“Do unto those downstream as you would have those upstream do unto you.”  ― Wendell Berry
The Knoxes' new conservation easement sign that has been placed near their driveway | Photo: Peter Ter Louw
Ed and Kathy Knox know that their property has a special significance that extends beyond its boundary lines.

With a portion of the East Branch of the Paw Paw River running through it, their forward-thinking actions to protect their land will have a positive ripple effect that will travel downstream far into the future.

This past Saturday, we were able to thank the Knoxes for generously donating a conservation easement to Southwest Michigan Land Conservancy in late 2016 with a sign dedication event. About 20 people participated in the morning talk and walk. Ed shared some of his thoughts on protecting his land, which includes a historic private fish hatchery impoundment, then led a field trip around the property.

By placing a conservation easement on their land through Southwest Michigan Land Conservancy, the Knoxes now have the peace of mind of knowing that their property will be protected from development forever, no matter who owns it in the future.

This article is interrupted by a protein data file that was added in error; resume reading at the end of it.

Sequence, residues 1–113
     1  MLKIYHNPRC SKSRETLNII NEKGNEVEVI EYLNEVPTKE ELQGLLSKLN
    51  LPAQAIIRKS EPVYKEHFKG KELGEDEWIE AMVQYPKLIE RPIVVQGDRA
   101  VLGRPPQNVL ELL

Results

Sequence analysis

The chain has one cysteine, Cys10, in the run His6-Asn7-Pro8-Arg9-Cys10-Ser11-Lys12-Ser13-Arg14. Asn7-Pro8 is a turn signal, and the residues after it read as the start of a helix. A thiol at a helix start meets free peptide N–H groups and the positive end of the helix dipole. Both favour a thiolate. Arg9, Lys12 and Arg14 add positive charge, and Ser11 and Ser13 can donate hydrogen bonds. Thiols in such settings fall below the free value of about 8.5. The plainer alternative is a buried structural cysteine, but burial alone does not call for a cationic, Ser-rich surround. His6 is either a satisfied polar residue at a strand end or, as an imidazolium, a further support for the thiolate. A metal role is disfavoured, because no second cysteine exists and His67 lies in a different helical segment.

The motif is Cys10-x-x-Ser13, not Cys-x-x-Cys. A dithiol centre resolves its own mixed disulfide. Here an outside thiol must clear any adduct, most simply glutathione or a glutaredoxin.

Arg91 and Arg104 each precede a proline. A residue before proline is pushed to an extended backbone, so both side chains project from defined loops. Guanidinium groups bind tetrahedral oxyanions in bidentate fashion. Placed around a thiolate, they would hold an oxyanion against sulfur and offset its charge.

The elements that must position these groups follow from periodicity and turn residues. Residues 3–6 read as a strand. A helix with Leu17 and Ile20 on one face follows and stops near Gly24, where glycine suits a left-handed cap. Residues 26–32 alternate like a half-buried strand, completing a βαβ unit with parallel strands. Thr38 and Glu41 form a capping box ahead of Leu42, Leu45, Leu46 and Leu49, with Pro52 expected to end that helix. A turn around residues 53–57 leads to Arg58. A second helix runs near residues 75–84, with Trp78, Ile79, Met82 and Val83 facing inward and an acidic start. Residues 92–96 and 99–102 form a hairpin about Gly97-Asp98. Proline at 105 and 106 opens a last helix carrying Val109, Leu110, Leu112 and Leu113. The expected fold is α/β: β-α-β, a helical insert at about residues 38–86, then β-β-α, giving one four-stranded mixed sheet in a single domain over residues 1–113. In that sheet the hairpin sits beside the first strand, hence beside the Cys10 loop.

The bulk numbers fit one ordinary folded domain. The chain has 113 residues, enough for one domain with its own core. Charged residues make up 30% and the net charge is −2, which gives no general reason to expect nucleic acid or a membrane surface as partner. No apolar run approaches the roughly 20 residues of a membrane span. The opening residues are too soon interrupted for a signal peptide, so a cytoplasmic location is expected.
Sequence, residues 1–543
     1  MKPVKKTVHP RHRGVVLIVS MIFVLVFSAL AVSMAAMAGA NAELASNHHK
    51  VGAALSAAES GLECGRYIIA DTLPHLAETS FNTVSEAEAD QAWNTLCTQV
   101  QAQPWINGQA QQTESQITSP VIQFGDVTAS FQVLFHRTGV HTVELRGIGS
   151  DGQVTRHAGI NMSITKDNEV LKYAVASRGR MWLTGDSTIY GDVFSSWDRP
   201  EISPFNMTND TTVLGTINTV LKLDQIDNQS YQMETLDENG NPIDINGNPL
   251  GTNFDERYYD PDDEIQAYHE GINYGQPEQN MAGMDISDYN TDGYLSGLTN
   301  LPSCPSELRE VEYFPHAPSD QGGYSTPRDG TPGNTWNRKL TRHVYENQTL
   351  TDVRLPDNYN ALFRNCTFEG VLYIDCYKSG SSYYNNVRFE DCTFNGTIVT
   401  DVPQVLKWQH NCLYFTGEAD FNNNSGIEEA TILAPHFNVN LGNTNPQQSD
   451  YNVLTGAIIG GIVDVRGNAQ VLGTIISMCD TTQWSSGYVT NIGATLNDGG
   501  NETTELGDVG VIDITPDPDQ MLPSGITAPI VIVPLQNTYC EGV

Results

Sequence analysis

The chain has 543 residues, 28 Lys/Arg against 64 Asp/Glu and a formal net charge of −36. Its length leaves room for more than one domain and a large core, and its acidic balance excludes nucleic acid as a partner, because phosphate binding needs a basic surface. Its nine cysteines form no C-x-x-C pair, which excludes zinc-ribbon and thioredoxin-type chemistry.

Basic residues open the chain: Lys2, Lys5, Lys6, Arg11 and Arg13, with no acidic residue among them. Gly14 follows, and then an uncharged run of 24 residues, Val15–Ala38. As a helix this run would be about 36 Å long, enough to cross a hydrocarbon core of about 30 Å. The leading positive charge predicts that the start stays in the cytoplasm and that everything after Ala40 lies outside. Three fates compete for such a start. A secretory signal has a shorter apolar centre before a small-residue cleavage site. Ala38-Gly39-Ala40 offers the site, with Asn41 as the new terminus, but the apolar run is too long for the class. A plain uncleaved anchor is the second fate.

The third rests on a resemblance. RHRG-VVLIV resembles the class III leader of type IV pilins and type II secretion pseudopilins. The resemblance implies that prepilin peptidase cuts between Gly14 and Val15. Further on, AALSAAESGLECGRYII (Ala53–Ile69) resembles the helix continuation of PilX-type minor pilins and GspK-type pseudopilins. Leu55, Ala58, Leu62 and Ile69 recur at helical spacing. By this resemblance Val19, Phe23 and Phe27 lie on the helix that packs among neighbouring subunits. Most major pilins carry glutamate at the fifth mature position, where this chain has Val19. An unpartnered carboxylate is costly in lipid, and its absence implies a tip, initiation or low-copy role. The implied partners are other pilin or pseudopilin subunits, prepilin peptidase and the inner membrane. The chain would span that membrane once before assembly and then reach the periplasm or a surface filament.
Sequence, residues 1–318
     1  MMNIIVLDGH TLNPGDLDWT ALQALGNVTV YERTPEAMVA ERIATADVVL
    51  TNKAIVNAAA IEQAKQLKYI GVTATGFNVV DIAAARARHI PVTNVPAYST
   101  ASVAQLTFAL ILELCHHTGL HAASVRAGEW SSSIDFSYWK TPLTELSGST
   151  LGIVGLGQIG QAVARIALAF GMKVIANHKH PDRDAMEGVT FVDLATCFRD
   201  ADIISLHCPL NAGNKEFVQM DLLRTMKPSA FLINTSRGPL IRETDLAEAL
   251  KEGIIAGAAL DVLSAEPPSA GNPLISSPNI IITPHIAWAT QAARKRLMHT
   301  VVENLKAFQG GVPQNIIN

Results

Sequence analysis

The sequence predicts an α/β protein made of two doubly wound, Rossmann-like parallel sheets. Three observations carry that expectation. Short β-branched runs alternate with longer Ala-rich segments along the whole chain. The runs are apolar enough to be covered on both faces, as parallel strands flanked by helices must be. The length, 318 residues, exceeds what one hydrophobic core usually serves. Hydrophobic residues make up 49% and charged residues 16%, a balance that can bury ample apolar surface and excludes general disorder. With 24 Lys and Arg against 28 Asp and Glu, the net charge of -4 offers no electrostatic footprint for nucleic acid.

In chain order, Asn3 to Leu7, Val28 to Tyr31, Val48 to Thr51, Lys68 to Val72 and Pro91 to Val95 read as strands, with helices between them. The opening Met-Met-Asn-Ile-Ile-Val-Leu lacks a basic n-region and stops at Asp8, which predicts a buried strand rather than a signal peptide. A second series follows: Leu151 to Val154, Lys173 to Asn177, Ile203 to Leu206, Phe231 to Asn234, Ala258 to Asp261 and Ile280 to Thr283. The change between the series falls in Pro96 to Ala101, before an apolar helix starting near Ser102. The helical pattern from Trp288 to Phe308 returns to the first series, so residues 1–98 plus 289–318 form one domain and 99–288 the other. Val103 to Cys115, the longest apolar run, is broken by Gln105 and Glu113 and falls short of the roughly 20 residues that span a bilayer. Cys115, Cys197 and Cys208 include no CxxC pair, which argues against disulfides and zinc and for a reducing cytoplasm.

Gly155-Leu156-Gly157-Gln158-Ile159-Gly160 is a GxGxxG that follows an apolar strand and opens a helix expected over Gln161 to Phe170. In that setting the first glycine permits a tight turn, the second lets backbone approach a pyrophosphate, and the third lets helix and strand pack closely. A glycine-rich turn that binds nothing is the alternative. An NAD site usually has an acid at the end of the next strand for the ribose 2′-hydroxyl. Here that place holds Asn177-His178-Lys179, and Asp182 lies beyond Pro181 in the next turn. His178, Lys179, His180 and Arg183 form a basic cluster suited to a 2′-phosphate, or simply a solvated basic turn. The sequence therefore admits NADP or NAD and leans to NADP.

Ed Knox describing some the management of his property | Photo: Peter TerLouw
The East Branch of the Paw Paw River is considered the highest quality stream in the entire Paw Paw River Watershed, containing some of the greatest biodiversity and highest quality waters in southwest Michigan.

This watershed has been an area of major focus for Southwest Michigan Land Conservancy, which has protected over 2 ½ square miles of land in the watershed over the past 15 years.

Thank you, Ed and Kathy, for protecting clean water and conserving wildlife habitat!

Walking the trail around Ed & Kathy’s property looking out over the impoundment that was the fish hatchery | Photo: Peter Ter Louw

Are you (or someone you know) curious about land protection options? Call Bruce Howe, SWMLC Land Protection Specialist, or Emily Wilke, SWMLC Conservation Projects Manager, for a confidential conversation at 269-324-1600. For general information about land protection options for landowners, check the pages under the dropdown menu item Protect Your Land.